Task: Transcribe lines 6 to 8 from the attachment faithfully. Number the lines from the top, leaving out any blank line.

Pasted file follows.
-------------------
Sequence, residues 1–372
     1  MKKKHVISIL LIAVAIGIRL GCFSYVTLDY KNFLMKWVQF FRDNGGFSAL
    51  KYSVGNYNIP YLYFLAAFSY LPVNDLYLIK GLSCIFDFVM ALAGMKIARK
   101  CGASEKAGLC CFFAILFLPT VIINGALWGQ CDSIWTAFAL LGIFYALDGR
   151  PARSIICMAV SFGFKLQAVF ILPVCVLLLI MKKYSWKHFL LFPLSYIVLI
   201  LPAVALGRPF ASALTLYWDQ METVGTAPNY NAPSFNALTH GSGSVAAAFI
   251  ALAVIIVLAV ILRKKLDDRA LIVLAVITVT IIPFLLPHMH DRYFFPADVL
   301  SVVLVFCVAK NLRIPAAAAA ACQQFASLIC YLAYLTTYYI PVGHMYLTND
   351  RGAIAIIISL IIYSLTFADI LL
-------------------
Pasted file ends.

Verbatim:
   201  LPAVALGRPF ASALTLYWDQ METVGTAPNY NAPSFNALTH GSGSVAAAFI
   251  ALAVIIVLAV ILRKKLDDRA LIVLAVITVT IIPFLLPHMH DRYFFPADVL
   301  SVVLVFCVAK NLRIPAAAAA ACQQFASLIC YLAYLTTYYI PVGHMYLTND